Manage episode 277270450 series 2469182
Around age 10, Lizzie No was getting tired of the violin. The Princeton-born No picked the harp after seeing it being wheeled into an elevator on 'Diff’rent Strokes.' It was the weirdest instrument that she could have imagined. While attending Stanford, she took on a job as a research assistant where she could listen to music for hours at a time while at work. Over time, she started to realize that she was far more interested in the music that she was listening to than the research that was being conducted. Music kept calling and gnawing at her to a degree where she finally allowed herself to give music a chance. As a songwriter, she works to evoke writers with important messages, particularly Bob Dylan, who became a true north after she learned a whole set of his songs on the harp and became in awe of the writing and morality tales in his political songs.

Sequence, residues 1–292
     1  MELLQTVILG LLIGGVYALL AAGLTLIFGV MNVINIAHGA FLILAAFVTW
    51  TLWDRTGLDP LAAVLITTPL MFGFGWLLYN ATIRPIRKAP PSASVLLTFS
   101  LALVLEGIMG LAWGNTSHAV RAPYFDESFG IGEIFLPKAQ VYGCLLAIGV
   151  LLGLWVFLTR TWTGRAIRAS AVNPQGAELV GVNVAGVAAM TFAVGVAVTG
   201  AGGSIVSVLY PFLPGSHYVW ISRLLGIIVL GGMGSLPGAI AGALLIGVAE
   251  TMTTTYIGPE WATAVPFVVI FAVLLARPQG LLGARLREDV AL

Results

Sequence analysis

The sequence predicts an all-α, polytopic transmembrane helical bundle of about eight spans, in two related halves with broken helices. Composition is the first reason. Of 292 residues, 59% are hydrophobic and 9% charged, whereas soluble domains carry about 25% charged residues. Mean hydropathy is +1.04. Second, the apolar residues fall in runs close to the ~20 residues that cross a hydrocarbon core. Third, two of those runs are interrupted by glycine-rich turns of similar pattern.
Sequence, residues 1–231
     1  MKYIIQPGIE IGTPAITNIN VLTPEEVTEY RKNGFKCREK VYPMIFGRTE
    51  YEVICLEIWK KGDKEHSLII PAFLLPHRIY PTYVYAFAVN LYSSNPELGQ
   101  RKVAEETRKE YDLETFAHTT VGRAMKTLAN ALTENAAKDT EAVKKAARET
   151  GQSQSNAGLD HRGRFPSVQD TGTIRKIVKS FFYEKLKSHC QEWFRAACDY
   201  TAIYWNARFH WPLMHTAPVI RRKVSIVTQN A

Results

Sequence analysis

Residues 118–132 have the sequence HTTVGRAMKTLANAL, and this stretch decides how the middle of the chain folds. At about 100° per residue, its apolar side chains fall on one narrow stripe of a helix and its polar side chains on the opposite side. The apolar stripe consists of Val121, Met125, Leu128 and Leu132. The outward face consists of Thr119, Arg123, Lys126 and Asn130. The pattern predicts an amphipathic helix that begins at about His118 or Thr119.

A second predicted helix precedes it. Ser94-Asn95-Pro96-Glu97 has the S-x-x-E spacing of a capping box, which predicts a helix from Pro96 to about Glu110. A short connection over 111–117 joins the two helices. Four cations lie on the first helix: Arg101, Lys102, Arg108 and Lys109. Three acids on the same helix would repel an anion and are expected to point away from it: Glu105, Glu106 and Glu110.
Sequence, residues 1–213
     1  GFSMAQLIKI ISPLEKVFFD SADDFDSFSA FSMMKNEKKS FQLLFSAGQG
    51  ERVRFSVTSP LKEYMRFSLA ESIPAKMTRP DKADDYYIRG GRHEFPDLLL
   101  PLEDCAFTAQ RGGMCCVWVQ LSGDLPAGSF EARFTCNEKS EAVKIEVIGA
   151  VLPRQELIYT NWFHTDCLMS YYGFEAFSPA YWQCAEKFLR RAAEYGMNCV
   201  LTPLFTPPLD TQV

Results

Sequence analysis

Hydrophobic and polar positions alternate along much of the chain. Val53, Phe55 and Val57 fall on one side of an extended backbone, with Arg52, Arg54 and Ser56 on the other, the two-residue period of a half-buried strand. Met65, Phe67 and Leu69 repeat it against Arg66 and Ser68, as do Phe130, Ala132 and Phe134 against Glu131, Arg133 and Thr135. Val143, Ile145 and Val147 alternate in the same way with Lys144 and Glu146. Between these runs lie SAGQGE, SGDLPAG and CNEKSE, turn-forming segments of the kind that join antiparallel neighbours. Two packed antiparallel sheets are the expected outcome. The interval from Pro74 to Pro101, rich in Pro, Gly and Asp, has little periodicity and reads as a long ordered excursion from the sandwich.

Lizzie shares her experience of being a Black folk singer in that she thought if she were to play country and folk that she would be taking someone else's music as her own. She didn't yet know that folk and country came from African musical forms that came to America because of slavery. She felt like she was fighting her way into something that she didn't have a right to. Once she started getting to know the Black artists that are in folk right now, she realized that she did belong and began to learn the history. Lizzie is whip-smart and her perspective on this topic could unsurprisingly fill an entire podcast episode on it's own. AND we talk about EGO and narcissism, which encompasses her latest album Vanity. Her insight on the different sides of the ego is fascinating. Literally could talk to Lizzie No everyday. 10/10! Please enjoy!